• People (not Time for Celebrities)
  • Entertainment Weekly (not Time for Entertainment)

(Nobody’s perfect. So now we also have Digital Time, Teen People, and Sports Illustrated for Kids.)

Most marketers are too internally focused to see the power of a separate identity. They want to “take advantage of the equity” their brand already owns in the mind in order to successfully launch a new brand.

The key to a successful family approach is to make each sibling a unique individual brand with its own identity. Resist the urge to give the brands a family look or a family identity. You want to make each brand as different and distinct as possible.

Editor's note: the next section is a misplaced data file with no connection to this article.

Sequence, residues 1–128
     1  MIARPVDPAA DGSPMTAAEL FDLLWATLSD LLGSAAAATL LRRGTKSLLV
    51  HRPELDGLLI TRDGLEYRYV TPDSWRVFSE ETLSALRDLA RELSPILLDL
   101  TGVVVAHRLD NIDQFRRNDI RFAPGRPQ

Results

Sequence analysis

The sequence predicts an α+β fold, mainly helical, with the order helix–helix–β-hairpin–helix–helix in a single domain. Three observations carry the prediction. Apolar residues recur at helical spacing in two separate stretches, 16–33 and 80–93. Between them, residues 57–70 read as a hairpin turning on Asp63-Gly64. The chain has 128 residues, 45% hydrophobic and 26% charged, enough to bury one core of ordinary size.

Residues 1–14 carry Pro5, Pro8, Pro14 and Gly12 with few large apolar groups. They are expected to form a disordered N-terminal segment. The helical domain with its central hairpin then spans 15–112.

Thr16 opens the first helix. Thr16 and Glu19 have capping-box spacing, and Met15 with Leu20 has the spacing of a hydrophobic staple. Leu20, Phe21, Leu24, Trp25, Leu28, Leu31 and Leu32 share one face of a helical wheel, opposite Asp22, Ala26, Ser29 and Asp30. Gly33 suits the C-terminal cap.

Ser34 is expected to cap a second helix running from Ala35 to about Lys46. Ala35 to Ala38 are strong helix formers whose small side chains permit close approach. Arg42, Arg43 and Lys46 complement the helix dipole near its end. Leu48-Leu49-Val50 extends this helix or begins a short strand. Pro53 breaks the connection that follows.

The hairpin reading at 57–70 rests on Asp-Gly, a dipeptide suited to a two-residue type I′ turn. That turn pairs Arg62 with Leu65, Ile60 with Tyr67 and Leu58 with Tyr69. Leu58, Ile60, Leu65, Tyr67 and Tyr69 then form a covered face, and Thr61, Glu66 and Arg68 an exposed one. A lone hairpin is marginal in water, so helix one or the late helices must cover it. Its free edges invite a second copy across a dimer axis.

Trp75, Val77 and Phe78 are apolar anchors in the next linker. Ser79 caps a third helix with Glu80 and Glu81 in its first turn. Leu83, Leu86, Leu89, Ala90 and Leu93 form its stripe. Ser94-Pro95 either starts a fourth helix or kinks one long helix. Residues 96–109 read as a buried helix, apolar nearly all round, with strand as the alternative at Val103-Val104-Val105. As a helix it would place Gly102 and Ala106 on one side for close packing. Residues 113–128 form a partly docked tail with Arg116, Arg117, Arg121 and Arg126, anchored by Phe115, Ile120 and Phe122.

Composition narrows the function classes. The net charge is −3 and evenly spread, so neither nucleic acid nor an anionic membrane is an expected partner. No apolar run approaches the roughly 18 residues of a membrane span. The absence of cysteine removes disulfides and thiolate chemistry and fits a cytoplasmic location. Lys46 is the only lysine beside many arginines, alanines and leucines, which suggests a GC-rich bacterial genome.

16. The Law of Shape

A brand’s logotype should be designed to fit the eyes. Both eyes.

A logotype is a combination of a trademark, which is a visual symbol of the brand, and the name of the brand set in distinctive type.

Logotypes come in all shapes. Round, square, oval, horizontal, vertical. But all shapes are not created equal in the eyes of the consumer. Since the eyes of your customers are mounted side by side, the ideal shape for a logotype is horizontal. Roughly two and one-fourth units wide by one unit high.

This horizontal shape will provide the maximum impact for your logotype. This is true wherever the logotype is used: on buildings, brochures, letterheads, advertisements, or calling cards. In the competitive landscape of retail, a vertical logo is at a severe disadvantage (i.e. Arby’s vertical, cowboy-hat logo).